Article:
Would you call me arrogant for retitling this book as “Mythical technology no one cares for now”? You have the right to do so. However I want to provide some argumentation for that if it please ya.
To tell long story short – the main thesis of the title, that adding people to late projects will delay them even further is mentioned in the second chapter of the book. Until the 17th chapter you’ll deal with ancient stuff about OS/360 (what the heck is that?) and IBM 1771, Machine 881295, coding languages so ancient they make Greek Gods seem modern. I have no issues with people wanting to learn from the very basics. But generally this is not effective. If you want to dig a hole in your garden you go to the supermarket, buy a shovel and do the dirty work. You won’t, however first go and buy seeds, plant a tree, watch it grow, go to the mines, prospect the ore, process it, create the shovel blade, cut your tree (same procedure for the axe by the way?), make the handle, connect the blade with the handle and…finally dig!
Yes, you could do that, but it’s just not effective. You just rely on people who create this stuff for you. It’s important to have a basic knowledge (that a shovel blade made from paper might seem as a bad idea) but still you need other qualifications for digging a good hole.
Is this post just about nagging or will there be something constructive?
It’s the same with this book – not only it gives the reader such outdated information (ok, ok, it was written few years ago, 1974), but it’s also written so damn complicated and jumps from one extreme to the other – it’s either written too general (although I’m not the dumbest person I wasn’t able to understand) or so heavily loaded with detailed information about things one one knows they even existed without even explaining it!
You see, this is the main point – if this book should be an introduction it clearly lacks all introductional features as explaining material. If this book is a summarization of some facts… well I guess it was good back then, but now I don’t see the point of it. The mythical man-month suggests that this book is about people, about working with people but it’s just a practice report from over 40 years now. I might seem to brag here often about the release date, but you know what – other authors show that this is clearly not an issue at all, just take a look at DeMarco & Lister (if you haven’t read my article about their book – just skip the article and go buy their “Peopleware”)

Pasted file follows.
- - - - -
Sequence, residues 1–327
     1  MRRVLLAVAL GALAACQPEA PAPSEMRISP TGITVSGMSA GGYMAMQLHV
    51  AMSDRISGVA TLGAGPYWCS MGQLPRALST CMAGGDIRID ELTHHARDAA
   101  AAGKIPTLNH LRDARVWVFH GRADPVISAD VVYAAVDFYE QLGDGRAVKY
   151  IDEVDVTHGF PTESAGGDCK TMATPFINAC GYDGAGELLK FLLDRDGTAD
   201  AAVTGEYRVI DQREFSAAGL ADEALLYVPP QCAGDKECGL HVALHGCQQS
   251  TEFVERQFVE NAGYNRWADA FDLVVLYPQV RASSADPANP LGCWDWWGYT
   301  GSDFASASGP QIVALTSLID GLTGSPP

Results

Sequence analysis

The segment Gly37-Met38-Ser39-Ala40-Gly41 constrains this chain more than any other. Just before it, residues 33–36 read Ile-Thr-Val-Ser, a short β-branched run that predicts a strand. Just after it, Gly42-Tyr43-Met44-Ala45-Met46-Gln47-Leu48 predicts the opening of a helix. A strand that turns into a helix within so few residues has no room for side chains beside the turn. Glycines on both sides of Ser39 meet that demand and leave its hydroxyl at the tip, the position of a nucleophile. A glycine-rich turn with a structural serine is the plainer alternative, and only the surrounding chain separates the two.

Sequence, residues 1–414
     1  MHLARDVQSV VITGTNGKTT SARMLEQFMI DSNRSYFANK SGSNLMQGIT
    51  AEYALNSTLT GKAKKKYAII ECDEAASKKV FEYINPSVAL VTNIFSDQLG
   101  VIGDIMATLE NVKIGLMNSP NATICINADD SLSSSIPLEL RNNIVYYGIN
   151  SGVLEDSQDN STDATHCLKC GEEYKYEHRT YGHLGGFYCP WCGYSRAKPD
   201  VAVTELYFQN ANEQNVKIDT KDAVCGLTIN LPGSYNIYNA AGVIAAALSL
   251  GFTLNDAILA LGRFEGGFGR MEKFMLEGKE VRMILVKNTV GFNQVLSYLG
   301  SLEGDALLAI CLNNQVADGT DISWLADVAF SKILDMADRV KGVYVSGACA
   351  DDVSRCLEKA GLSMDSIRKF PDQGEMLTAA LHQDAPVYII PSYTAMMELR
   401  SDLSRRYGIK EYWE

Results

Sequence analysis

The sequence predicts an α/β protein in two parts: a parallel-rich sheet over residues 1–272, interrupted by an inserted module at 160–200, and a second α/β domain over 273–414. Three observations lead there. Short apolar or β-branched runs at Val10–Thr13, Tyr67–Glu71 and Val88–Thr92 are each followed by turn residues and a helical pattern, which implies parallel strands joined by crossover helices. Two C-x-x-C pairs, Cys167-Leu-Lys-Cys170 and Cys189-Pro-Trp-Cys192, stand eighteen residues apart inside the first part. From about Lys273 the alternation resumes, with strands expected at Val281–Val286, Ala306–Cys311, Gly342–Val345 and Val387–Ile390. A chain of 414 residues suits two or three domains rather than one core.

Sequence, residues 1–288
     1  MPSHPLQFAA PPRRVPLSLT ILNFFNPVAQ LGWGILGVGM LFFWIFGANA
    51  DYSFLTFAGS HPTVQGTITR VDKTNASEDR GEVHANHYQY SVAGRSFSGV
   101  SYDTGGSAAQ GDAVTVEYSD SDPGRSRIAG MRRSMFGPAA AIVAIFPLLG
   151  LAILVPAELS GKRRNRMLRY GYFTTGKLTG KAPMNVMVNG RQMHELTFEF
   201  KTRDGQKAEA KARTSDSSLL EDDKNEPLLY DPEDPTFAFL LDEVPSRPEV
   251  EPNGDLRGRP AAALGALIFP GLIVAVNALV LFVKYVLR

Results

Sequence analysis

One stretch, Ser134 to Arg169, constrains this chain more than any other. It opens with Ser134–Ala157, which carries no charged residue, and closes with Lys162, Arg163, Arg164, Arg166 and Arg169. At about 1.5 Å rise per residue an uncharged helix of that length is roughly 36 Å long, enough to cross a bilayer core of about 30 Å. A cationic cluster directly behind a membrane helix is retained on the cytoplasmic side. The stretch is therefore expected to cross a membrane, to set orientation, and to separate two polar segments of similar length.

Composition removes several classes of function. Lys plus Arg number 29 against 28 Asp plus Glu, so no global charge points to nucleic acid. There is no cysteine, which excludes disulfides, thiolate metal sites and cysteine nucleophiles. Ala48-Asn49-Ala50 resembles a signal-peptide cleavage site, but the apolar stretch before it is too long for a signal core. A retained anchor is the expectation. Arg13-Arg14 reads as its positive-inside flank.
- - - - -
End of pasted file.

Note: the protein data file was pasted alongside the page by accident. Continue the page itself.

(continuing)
Let’s consider two quotes from the book:
Consider the linkage editor, designed to load separately-com- piled programs and resolve their cross-references. Beyond this basic function it also handles program overlays. It is one of the finest overlay facilities ever built. It allows overlay structuring to be done externally, at linkage time, without being designed into the source code. It allows the overlay structure to be changed from run to run without recompilation. It furnishes a rich variety of useful options and facilities. In a sense it is the culmination of years of development of static overlay technique.
The unexpectedly hard part of building a programming system is system test. 1 have already discussed some of the reasons for both the difficulty and its unexpectedness. From all of that, one should be convinced of two things: system debugging will take longer than one expects, and its difficulty justifies a thoroughly system- atic and planned approach.
You take the meaning? First quote – my wtf moments: what is linkage editor? Cross-references? Program overlays? Overlay facilites? Structuring to be done externally? There is a lot of information in this text. But is it useful?
Second quote – a hell lot of text for saying… debugging is hard?
My advise at the end, if you really want to read this book – skip chapters 4-13 and chapter 15 and 16. Just do it, you won’t miss anything you’ll require for a start of your career. Basically in chapters 18 and 19 (of the second revision) the author summarizes his own book, commenting own statements 20 years later (revision was published in 1995).
[schema type=”book” url=”http://www.amazon.com/The-Mythical-Man-Month-Engineering-Anniversary/dp/0201835959/ref=sr_1_1?ie=UTF8&qid=1412691597&sr=8-1&keywords=mythical+man+month” name=”Mythical Man-Month” description=”This is the official description from Amazon, don’t come hereafter and complain – I warned you! Few books on software project management have been as influential and timeless as The Mythical Man-Month. With a blend of software engineering facts and thought-provoking opinions, Fred Brooks offers insight for anyone managing complex projects. These essays draw from his experience as project manager for the IBM System/360 computer family and then for OS/360, its massive software system. Now, 20 years after the initial publication of his book, Brooks has revisited his original ideas and added new thoughts and advice, both for readers already familiar with his work and for readers discovering it for the first time.” author=”Frederick P. Brooks Jr.” publisher=”Addison-Wesley Professional” pubdate=”1995-08-12″ edition=”2nd Edition” isbn=”858-0001065793″ paperback=”yes” ]